Everything depends on getting Jesus placed. That lies at the root of all -- living, serving, preaching, teaching. John had Jesus placed. He had Him up in His own place. This settles everything else. Then one gets himself placed, too, up on a level where the air is clear and bracing, the sun warm, and the outlook both steadying and stimulating. Get the centre fixed and things quickly adjust themselves about it to your eyes.

It will be seen very quickly that this little book makes no pretension to being a commentary on, or an exposition of, John's Gospel. That is left to the scholarly folk who eat their meals in the sacred classical languages of the past. It is simply a homely attempt to let out a little of what has been sifting in these years past of this wondrous miniature Bible from John's pen.

The proportions of this homely little messenger of paper and type may seem a little odd at first. The longest chapter is devoted to only the opening eighteen verses of John, the prologue. While the whole of the first twelve chapters of John, excepting that prologue, is brought into one smaller chapter. It wasn't planned so, though I felt it coming as the wondrous mood of this book came down over me. I think it mast be the effect of the atmosphere of John's book.

Sometimes John packs so much in so little space, and again he goes so particularly into the details of some one incident. The prologue is a miniature Bible. The whole Bible story is there in its cream. And on the other hand John spends five chapters (xiii.-xvii.), almost a fifth of the whole, on a single evening. He devotes seven chapters (xiii.-xix.), almost a third of all, on the events of twenty-four hours. John is controlled not by mere proportion of space or quantity, but by the finer proportions of thought and quality.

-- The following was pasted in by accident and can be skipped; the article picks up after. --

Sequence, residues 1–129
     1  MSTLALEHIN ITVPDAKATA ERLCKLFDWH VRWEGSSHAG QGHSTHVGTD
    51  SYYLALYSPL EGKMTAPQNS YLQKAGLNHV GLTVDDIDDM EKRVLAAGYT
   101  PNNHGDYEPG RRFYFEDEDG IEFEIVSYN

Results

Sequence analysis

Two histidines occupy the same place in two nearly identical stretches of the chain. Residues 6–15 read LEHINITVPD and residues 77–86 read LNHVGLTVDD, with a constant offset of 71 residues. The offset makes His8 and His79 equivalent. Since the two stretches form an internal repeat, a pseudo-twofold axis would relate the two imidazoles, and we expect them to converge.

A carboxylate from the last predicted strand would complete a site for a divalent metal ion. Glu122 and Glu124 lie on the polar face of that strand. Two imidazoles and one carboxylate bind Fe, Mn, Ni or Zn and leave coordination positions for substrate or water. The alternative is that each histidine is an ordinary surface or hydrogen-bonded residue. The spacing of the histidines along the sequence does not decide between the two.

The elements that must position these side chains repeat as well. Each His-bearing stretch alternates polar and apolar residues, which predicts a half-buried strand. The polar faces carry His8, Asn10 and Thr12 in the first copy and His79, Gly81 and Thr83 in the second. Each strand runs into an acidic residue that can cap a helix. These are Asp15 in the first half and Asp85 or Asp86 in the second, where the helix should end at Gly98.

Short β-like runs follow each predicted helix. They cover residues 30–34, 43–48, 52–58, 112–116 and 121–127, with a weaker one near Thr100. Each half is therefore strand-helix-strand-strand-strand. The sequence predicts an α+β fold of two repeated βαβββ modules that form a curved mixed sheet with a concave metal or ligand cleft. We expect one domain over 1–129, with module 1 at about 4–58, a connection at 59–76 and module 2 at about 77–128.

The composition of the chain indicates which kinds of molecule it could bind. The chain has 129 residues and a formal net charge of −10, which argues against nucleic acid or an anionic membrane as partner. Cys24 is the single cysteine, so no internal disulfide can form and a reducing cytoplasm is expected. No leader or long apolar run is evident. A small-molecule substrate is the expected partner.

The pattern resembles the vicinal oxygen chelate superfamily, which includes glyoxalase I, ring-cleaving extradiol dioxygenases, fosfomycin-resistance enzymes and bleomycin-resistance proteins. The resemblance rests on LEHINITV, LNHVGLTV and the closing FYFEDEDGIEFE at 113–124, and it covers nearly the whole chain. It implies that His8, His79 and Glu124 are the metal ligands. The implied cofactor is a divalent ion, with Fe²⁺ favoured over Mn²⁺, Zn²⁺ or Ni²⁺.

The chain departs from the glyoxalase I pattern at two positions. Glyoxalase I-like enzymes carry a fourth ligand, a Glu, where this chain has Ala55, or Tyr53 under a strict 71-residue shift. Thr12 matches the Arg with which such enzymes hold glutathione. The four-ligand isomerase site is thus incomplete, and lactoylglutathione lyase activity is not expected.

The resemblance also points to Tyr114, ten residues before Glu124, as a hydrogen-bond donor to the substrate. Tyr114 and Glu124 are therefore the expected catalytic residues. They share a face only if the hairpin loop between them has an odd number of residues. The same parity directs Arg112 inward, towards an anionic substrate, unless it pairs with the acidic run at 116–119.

It has been difficult to hold these homely talks down to the limit of space they take here. So many veins of gold in this mine, showing clearly large nuggets of pure ore, lie just at hand untouched in this little mining venture. But it seemed clearly best to get the one clear grasp of the whole. That helps so much. But there'll be strong temptation to get one's pick and spade and go at this gold mine again.

But now these things are written that we common folk may understand a bit better, and in a warm way, that Jesus was God on a wooing errand to the earth; and that we may join the blest company of the won ones, and become co-wooers with God of the others.

S. D. G.

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